As Victoria readies itself for the vaccine, the anti-vaxxers have decided to annoy their elected officials with a wave of spurious emails.

 

 

As the nation readies itself for a collective jab, an endeavouring few have decided to bombard the Victorian government with heavy doses of pseudoscience and faux-legal mumbo-jumbo; all in an effort to stop the rollout of the vaccine, or public health measures, or something.

Gizmodo noted that “Online activist group Reignite Democracy Australia (RDA) is encouraging its followers to send hundreds of emails that they incorrectly believe will force politicians to oppose extending Victoria’s current state of emergency period (which mandates the wearing of masks and hotel quarantine and ends on March 15 – Ed) RDA, led by Monica Smit, opposes vaccines, lockdowns, masks, COVID-19 testing and has even branched out into arguing against a gay conversion therapy ban — all based on conspiracy theories and misinformation. The group campaigns online to its tens of thousands of followers across Facebook, Instagram, Twitter and Telegram, and by staging in-person protests — often breaking public health orders in the process — that it films and post online.”

However, this group is not a handful of agitators, as their Facebook page has gained more than a million likes in the last six months. Interestingly (or perhaps fittingly), the page avoided the recent swing of Zuckerberg’s ban hammer.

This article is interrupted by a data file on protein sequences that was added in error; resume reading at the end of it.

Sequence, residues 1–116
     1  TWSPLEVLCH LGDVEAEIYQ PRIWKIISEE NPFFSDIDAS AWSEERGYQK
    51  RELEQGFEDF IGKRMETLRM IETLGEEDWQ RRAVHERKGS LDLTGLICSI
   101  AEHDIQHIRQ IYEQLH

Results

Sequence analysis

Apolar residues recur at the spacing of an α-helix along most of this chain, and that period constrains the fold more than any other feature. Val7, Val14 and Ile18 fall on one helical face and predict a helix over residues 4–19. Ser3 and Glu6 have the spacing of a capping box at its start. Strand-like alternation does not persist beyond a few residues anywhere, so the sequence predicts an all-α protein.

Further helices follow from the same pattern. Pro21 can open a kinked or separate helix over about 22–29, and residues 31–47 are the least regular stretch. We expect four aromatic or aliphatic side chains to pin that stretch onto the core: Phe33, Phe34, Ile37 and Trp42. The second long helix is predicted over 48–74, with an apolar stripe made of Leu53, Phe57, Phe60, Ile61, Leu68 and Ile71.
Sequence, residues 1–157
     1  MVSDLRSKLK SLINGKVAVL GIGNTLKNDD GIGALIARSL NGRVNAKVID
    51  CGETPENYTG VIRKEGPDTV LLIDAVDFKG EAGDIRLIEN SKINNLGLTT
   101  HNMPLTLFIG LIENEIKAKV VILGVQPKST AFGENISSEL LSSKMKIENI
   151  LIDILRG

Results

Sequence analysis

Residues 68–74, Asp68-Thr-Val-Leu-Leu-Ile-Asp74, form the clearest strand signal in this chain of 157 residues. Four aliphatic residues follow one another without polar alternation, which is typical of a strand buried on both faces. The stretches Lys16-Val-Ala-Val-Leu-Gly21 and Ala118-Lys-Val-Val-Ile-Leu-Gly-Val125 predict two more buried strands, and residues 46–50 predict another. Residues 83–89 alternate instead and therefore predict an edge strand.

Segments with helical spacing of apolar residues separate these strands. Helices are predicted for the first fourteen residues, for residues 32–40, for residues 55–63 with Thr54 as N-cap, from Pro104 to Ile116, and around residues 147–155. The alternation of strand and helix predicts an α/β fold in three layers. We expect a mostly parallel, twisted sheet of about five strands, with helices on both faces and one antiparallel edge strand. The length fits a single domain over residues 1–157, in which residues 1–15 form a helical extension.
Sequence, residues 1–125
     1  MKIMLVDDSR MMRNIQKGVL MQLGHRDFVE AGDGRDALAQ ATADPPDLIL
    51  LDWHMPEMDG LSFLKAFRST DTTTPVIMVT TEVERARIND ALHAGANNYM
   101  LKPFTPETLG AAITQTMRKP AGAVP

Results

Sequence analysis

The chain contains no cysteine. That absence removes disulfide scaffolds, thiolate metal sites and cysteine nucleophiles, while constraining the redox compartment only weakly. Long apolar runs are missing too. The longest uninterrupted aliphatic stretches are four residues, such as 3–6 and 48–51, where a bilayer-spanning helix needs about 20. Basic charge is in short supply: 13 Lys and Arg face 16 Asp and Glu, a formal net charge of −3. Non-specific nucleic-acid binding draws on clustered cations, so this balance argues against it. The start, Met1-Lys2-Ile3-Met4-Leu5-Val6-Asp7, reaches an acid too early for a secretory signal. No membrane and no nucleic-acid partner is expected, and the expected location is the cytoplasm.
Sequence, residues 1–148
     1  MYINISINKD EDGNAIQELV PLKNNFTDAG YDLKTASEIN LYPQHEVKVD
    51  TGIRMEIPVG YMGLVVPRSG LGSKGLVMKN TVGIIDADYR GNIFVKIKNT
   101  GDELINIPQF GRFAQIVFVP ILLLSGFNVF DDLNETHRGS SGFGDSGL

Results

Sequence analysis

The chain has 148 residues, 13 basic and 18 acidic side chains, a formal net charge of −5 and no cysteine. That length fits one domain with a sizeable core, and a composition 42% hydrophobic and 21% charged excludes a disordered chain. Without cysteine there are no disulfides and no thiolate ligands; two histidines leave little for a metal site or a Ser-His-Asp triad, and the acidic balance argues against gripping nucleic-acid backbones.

The group also claims that it has 5,000 actual people actually willing to operate outside the boundaries of the internet, promising some sort of ‘political action’.

As Gizmodo noted, “Smit has links to conservative MPs, as reported by the Guardian’s Anne Davies, and also to the anti-Dan Andrews online group that was linked to the Victorian Liberals. In emails signed by Smit, the group sells merchandise and seeks recurring donations.”

Smit has asked followers to send their elected officials a ‘My Will’ letter, which is an important document in the conspiracy theory underworld, one based on the thoughts of an Australia politician, Arthur Chresby. Chresby contended that MPs must comply with the demands of their constituents, provided that they’re asked in a particular fashion, much like the Godfather must accept any request on their daughter’s wedding day. There’s a slight problem with Chresby’s ploy, however, in that it is absolute bull twang.

For the seventh consecutive day, Victoria has returned zero cases, with the state preparing to distribute both the AstraZeneca and Pfizer vaccines. According to Victoria’s Health Minister, Martin Foley, the state’s effort to vaccinate frontline workers and other key groups had started well.

“I’m confident we will continue to meet all of the goals that the commonwealth has provided,” Mr Foley said.

 

 

 

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